53 – the address of the Big Cloud Fabric controllers so that they can grab an operating system and boot up running Big Swithch’s Switch Light OS.
Once booted, the switches show up in the management GUI categorized as “Other”, because it has not yet been given a role in a standard Leaf Spine architecture. And yes, that’s basically the one supported architecture, although that’s not such a pain given what a useful architecture it is. Giving the new switch a role is as simple as dragging the switch from Other to Leaf or Spine. The controller uses the switch’s LLDP neighbor table to figure out the neighbors in the topology, and configures it for the appropriate role. The new switch, like every other switch in the fabric, is configured and managed by the controller. In other words, the whole fabric is managed like, get this, one big switch. One Big Switch. See what I did there?
Given a typical environment with a wide range of Virtual Machine ethernet ports and Physical Machine ports, the likelihood is that services or tenants will be spread across those resources and you’ll want the network to let them talk to one another. The Big Cloud Fabric makes it pretty easy to accomplish this.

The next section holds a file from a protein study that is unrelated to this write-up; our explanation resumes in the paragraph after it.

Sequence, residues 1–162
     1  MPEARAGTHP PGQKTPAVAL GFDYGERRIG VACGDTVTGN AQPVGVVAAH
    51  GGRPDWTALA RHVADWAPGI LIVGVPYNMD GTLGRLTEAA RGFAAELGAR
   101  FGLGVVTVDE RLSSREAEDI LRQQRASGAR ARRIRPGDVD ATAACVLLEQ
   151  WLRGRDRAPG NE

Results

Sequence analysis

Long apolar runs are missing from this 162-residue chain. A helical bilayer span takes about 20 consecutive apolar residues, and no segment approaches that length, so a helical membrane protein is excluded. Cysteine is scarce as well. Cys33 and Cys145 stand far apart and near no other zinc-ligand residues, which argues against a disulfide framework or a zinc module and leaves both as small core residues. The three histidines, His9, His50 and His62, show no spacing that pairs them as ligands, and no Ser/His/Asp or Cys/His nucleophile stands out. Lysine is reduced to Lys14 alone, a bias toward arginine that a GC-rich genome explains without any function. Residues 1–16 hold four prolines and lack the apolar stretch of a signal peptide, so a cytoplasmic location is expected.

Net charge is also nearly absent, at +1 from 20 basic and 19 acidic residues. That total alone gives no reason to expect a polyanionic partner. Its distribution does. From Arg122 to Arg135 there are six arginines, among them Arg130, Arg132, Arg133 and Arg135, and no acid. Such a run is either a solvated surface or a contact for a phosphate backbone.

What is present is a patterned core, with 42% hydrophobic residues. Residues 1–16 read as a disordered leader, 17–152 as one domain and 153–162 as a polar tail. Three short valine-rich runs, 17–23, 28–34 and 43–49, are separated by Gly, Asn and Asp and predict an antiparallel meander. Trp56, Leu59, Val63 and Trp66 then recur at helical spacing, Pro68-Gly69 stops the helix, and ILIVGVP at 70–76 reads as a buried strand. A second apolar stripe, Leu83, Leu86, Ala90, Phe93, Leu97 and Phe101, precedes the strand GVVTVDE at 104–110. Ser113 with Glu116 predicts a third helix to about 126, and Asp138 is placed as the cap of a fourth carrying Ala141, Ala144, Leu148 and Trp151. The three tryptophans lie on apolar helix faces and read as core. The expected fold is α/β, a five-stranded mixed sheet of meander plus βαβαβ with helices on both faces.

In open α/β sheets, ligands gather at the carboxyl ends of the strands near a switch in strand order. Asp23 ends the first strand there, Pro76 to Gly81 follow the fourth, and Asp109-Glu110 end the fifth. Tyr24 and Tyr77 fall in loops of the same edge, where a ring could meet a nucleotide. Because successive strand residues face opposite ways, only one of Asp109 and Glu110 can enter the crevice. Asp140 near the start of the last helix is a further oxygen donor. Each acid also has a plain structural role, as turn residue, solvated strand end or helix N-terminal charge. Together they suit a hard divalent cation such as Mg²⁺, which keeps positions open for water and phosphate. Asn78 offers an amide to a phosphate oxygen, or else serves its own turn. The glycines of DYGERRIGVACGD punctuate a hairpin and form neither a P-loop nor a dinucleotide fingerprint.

Tenants and Logical Routers
A “Tenant” is the term used to describe an application or customer (as you need) and represents a logical grouping of L2/L3 networks (perhaps a mixture of those physical and virtual ports I mentioned above). Effectively any network resources configured for a tenant are isolated from all other tenants’ resources, in the same way that a VRF isolates layer 3 information. To route traffic between subnets within a tenant, you can create a logical router which provides layer 3 interfaces (and, obviously, routing capability). If tenants need to pass IP traffic between each other, there is a logical System Router which acts like a multi-VRF router connecting all the tenants together; you can define who can talk to whom through this router. You’d expect to have a regular layer 3 core outside the fabric to connect to the rest of the world, as it were.
Where this all gets clever is that the logical routers are not just a descriptive name; they don’t exist on a particular device, but are actually pushed down to every node in the network. The System Router meanwhile exists on all the spine nodes. Resolving ARP for a gateway IP returns the same MAC address wherever you are in the network, and the first hop you hit makes the decisions and offers a full ECMP (Equal Cost Multi Path) layer2/layer 3 fabric.
Managing the fabric comes down to picking your favorite interface. Under the hood the controller is pure REST API, and the CLI and GUI are really just REST API clients, so you can be confident that every command you can issue in the CLI or GUI are available for your own hard core scripting and integration needs – should you have them – via the API.